Saudi Arabia and the UAE among governments caught using Israeli spyware on journalists, activists: Report
By News Desk - July 20 2021

An investigation by The Guardian and 16 other media organizations has revealed that hacking software sold by Israeli surveillance company NSO Group was used by governments to spy on journalists, politicians, lawyers and activists across the globe.

The spyware, known as Pegasus, infects phones and enables a third-party to extract messages, photos, and emails, as well as to record calls and turn on the device’s microphone, all unbeknownst to the owner of the device.

This bombshell revelation comes after Forbidden Stories, a Paris-based nonprofit organization, along with Amnesty International shared with reporters a leaked list of over 50,000 phone numbers that reportedly belong to “people of interest” by clients of NSO since 2016.

Among those targeted by the spyware were people close to the late journalist Jamal Kashoggi, who was killed and dismembered inside the Saudi consulate in Istanbul in October of 2018.

Back then the NSO Group strongly denied that any of its government clients had used the malware to target Kashoggi or his family, but forensic analysis these phones now show that Pegasus was indeed used to monitor Kashoggi’s inner circle both before and after his murder.

According to the investigation, Saudi Arabia along with the UAE used Pegasus to monitor Kashoggi’s associates as well as the Turkish murder investigation, going so far as to select the phone of Istanbul’s chief prosecutor for potential surveillance.

In addition, evidence was found showing that an NSO client targeted the phone of Kashoggi’s wife, Hanan Elatr, several months before his murder.

Other names linked to Kashoggi that were found in the leaked list include: his fiancée Hatice Cengiz; Wadah Khanfar, the former head of the Al Jazeera television network; Abdullah Khashoggi, the journalist’s son; Azzam Tamimi, a Palestinian-British activist; Madawi Al-Rasheed, a London-based scholar who founded an opposition party of expatriate Saudis soon after the murder; Yahya Assiri, a UK-based Saudi activist who documents human rights violations in Saudi Arabia and Yasin Aktay, a friend of Khashoggi and a top aide to the Turkish president, Recep Tayyip Erdogan.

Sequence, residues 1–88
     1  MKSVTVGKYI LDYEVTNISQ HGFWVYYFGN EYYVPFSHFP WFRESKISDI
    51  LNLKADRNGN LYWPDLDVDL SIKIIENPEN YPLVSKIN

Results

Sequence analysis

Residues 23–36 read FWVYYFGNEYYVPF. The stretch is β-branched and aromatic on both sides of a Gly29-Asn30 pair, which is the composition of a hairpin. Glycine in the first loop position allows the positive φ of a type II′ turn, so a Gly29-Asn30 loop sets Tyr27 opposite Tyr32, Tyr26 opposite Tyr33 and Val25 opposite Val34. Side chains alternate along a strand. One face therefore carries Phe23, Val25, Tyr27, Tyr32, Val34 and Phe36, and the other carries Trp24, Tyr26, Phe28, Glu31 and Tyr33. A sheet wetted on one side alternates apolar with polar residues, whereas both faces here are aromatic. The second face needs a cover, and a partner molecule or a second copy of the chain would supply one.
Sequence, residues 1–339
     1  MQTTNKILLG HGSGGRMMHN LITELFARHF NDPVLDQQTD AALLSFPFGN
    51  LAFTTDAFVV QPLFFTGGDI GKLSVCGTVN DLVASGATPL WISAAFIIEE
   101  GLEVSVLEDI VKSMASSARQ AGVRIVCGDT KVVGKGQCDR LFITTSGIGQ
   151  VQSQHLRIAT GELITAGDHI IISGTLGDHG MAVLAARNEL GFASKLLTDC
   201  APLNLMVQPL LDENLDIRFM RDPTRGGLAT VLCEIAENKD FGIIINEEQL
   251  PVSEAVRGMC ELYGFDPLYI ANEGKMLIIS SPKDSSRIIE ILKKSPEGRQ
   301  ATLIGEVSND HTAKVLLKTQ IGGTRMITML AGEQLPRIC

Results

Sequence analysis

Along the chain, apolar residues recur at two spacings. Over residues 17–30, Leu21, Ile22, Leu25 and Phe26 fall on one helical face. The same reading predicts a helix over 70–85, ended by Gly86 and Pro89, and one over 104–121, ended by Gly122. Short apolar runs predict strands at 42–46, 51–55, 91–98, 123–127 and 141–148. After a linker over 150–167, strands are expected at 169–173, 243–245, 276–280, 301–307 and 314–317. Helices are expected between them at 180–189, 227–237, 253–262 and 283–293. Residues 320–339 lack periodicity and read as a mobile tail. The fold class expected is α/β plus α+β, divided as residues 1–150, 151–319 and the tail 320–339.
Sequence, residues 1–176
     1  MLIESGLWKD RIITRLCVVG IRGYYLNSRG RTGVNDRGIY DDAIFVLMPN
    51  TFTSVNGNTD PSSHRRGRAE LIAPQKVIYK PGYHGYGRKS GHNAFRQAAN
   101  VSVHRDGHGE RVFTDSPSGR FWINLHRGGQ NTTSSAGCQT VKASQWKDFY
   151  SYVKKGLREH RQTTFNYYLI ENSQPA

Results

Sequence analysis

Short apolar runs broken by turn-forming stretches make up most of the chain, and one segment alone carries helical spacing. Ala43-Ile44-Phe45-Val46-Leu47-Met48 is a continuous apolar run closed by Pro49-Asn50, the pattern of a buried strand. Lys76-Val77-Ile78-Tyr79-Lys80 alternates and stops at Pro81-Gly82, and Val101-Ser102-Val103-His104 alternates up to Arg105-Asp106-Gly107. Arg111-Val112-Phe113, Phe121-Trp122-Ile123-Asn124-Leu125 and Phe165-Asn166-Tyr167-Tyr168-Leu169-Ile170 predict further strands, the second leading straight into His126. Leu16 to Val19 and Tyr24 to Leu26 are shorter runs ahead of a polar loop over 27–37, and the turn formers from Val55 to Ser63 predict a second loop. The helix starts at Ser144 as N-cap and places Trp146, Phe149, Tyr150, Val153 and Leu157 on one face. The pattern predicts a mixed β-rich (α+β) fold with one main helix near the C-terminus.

It has also been revealed that the UAE targeted multiple journalists with the hacking software, including Roula Khalaf who last year became the first-ever female editor of the Financial Times, as well as Greg Galstrom of The Economist and Bradley Hope who at the time worked at The Wall Street Journal.

Hope’s number was allegedly chosen for surveillance at a time when he was looking into the 1Malaysia Development Berhad scandal, a corruption scheme involving the theft of $4.5bn from the state of Malaysia, and which led to the ousting of the country’s prime minister.

The investigation of the scandal suggested that some of the stolen money had been spent on a luxury yacht for Sheikh Mansour, the deputy prime minister of the UAE and a senior member of the Abu Dhabi royal family.

It is believed Abu Dhabi may have deployed the malware against a further 10,000 phone numbers belonging to activists and lawyers.

Other nations that abused the malware sold to them by the NSO Group include Azerbaijan, Bahrain, Kazakhstan, Mexico, Morocco, Rwanda, Hungary and India.

Mexico is reportedly the nation that selected the most numbers for surveillance, with over 15,000 listed. Among these was the number for the late freelance journalist Cecilio Pineda Birto, who was added to the surveillance list a few weeks before he was shot and killed outside of a car-wash in Ciudad Altamirano on 2 March of 2017.

The Guardian’s investigation also found that the Hungarian government of Viktor Orbán allegedly deployed NSO’s technology on investigative journalists, as well as on the close circle of one of Hungary’s few independent media executives.

For their part the NSO Group maintains that its technology is only sold to military, law enforcement and intelligence agencies, and that their contracts stipulate the spyware must only be used for criminal and national security investigations.

The company also says it rigorously vets its customers’ human rights records before allowing them to use its products, while the Israeli Minister of Defense closely regulates NSO’s granting of individual export licenses before its surveillance technology can be sold to a new country.

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